The Best of British – Celebrating 200 Years of Novello

“Celebrating 200 Years of Great Classics published by Novello
A journey through 200 years of popular choral, orchestral and film music featuring works that have inspired and defined their age”

Raphael Wallfisch (cello)

The Bach Choir

Philharmonia Orchestra
David Hill

Aled Jones (presenter)

Reviewed by: Colin Anderson

Reviewed: 20 September, 2011
Venue: Southbank Centre, London – Royal Festival Hall

We gathered to celebrate 200 years of the publishing house Novello. The Best of British? Yes, more or less, but only within Novello’s domain. On this occasion, as they are placed elsewhere, no Britten, Tippett, Vaughan Williams or Walton – and that’s only the tip of a considerable Union Flagged musical iceberg. With a few minutes to the concert’s start, anyone deep in thought or relaxing for the off would have been rudely disturbed by a very loud Ian McKellen advising us to switch mobiles off. Aled Jones was also grotesquely amplified – and his enthusiasm lent him to shout at times. (Both gentlemen had been quietened for part two. Could Jones have been softened earlier?) Affable and modest he may be, but Jones’s platitudinous and applause-gathering introductions – repeatedly telling us who was performing (not that we didn’t know) as if designed for a listener dropping in to a broadcast – were irksome.

His superlative-dominated comments didn’t square with every performance here, either; whether conductor-requested or player-machinated, the ‘March’ from Arthur Bliss’s music for the mid-1930s’ film of H. G. Wells’s Things to Come was disfigured by blatant, smash-and-grab percussion – horrible! – a similar fate blighting the final section of Elgar’s Enigma Variations. Malcolm Arnold’s third (Katherine Bryan offering a seductive flute solo) and fourth Scottish Dances fared better (but what a shame not to have the brilliant first one). The finale of Richard Rodney Bennett’s Partita, exuberant and lyrical though it is, bursting with craftsmanship, loses out to the ebullient opening movement that we were here denied. And it was RRB who re-imagined ‘Happy Birthday’; if not quite Stravinsky’s Greeting Prelude, it’s good to have a witty alternative to his serial version of this everyday tune. Richard Addinsell’s music for Goodbye, Mr Chips (the classic Robert Donat film that should never have been re-made, but was!) always moves the soul, and did so here with its indelible ‘School Song’.

Each of the concert’s halves began with a new Fanfare. John McCabe’s A Sounding Chord: A Fanfare for Orchestra proved typically evocative, suggesting the sun rising before animated figures lead to animated writing that rolls the music to a sonorous then evanescent conclusion. Patrick Hawes’s Fanfare, for trumpets, trombones and tuba, was sombrely ceremonial, with echoes of Bliss and Walton.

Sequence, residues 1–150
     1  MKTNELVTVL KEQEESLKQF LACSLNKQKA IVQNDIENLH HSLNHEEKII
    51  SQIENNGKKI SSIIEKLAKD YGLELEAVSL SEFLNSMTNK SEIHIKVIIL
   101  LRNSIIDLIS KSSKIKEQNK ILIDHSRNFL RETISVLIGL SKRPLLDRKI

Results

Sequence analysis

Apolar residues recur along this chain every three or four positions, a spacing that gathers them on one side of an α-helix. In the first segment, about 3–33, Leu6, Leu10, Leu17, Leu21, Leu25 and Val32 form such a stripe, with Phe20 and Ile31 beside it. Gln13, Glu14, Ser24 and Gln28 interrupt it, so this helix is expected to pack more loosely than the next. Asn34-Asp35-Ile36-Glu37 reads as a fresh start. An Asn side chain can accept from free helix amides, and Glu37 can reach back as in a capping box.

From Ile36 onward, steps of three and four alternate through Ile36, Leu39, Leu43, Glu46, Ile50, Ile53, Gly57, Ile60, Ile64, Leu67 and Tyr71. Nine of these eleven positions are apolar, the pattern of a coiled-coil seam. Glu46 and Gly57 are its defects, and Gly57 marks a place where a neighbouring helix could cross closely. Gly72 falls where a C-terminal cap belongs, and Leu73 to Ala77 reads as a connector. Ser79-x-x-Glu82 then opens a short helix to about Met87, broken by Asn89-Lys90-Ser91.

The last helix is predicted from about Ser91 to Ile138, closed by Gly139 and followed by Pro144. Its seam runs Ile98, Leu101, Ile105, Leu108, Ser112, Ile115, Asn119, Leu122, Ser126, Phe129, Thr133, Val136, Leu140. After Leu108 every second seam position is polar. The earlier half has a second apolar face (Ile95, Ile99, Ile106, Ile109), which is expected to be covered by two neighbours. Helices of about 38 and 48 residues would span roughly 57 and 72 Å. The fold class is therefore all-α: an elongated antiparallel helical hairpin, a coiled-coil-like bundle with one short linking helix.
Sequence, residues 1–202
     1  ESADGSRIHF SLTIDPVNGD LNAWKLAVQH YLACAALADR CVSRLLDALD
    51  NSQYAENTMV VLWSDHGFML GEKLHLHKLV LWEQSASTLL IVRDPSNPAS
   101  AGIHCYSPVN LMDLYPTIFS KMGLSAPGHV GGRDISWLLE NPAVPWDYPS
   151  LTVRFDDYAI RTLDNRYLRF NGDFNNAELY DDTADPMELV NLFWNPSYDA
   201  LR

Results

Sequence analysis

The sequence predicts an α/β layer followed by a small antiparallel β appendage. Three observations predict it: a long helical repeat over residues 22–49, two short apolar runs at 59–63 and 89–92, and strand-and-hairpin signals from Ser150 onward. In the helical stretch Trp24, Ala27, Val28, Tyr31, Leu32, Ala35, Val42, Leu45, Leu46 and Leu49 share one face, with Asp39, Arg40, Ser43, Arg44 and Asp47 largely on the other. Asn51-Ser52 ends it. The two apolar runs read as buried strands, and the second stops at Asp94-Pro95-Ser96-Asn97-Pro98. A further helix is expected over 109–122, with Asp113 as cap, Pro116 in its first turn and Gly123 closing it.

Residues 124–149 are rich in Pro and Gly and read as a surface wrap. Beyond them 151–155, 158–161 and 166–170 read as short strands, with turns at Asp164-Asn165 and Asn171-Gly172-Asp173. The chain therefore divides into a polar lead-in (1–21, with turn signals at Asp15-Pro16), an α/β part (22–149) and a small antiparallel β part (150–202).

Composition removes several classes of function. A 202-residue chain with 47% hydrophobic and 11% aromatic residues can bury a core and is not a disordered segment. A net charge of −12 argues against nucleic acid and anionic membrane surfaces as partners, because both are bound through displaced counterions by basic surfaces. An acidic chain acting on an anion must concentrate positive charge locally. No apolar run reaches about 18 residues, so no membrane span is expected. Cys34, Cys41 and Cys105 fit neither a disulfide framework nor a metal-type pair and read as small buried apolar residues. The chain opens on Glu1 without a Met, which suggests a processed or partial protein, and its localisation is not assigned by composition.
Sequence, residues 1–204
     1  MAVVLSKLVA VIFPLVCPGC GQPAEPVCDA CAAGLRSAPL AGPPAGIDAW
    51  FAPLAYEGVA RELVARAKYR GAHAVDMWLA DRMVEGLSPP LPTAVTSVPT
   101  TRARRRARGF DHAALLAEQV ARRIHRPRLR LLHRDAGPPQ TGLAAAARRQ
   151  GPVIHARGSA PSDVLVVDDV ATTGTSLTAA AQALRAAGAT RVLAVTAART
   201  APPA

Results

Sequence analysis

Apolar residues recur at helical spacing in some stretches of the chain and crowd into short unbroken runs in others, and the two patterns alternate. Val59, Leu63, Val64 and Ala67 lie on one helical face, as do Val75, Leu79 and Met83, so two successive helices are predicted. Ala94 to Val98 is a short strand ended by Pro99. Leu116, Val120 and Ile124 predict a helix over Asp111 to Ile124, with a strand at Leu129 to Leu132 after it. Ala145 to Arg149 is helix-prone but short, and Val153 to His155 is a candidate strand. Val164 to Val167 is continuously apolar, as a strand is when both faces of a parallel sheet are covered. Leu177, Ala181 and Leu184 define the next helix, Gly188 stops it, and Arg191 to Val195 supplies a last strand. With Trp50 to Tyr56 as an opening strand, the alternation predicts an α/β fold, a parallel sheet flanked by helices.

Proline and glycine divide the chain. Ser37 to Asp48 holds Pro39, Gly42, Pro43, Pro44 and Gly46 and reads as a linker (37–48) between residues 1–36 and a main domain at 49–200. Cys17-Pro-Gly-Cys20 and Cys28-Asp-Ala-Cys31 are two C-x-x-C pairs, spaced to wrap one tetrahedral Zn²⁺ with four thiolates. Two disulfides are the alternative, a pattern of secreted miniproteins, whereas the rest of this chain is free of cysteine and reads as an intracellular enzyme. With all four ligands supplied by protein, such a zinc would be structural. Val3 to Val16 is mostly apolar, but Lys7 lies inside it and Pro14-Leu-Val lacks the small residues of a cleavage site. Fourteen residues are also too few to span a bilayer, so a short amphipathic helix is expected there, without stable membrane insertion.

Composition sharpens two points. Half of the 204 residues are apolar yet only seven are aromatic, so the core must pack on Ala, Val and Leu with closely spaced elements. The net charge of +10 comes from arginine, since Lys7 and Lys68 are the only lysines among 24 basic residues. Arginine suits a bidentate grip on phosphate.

Otherwise, Raphael Wallfisch’s appearance aside, it was an oratorio-centric selection. ‘Hallelujah’ from Handel’s Messiah was sprightly and stirring, the clarinets and trombones courtesy of Ebenezer Prout (presumably) – a throwback to when this music was given with a cast of thousands, and not unwelcome as such – and similar generosity (including an ophicheide that looked more like a cimbasso) informed two Elijah choruses, Mendelssohn made respectively charming and rousing. Elgar with voices included the not quite ‘vintage’ With Proud Thanksgiving and Hill’s own arrangement of ‘Nimrod’, re-christened as Requiem Aeternam, which seemed just a little unneeded and stretched the Bach Choir’s sopranos at one point. But otherwise, this honoured choral ensemble sang superbly for David Hill, in his element when working with choruses. A couple of pieces by Sir Charles Hubert Hastings Parry – Blest Pair of Sirens (contoured and expressive), and I Was Glad (majestic) – were magnificently done, although Tarik O’Regan’s From Heaven Distilled a Clemency journey too closely to John Adams-land. Alongside the Parry plums were Herbert Howells’s Magnificat (Collegium Regale), stunning as music, but maybe John Rutter’s new orchestration (replacing Howells’s organ accompaniment) is a tad too opulent. Holst’s a cappella Nunc dimittis was wonderful balm, profound in its plainchant and rural in its refrains, to the deeply harmonic Howells.

Raphael Wallfisch’s contribution was the oddly paired Adagio from Elgar’s ubiquitous Cello Concerto (Aled Jones was incorrect to state that Jacqueline du Pré was seventeen when she recorded the Elgar with Barbirolli; in 1965 she was twenty), flowing and unsentimental, and then straight into the ‘Scherzo and Trio’ from Kenneth Leighton’s Cello Concerto, initially made to seem more acerbic than it is in this unfortunate juxtaposition, but welcome nonetheless in its Waltonian bounding and Mediterranean contemplation as a reminder of a composer (who died age 58 in 1988) still awaiting his full due. Chandos though has been doing its bit on his behalf (including a Wallfisch recording of the Cello Concerto), and on this night Messrs Hill, Jones and Wallfisch all took a bottle of something drinkable home with them. The Royal Festival Hall organ sounded well (tonight’s player of it not named!), the Southbank Centre pulling out all the stops to restore it to full glory.

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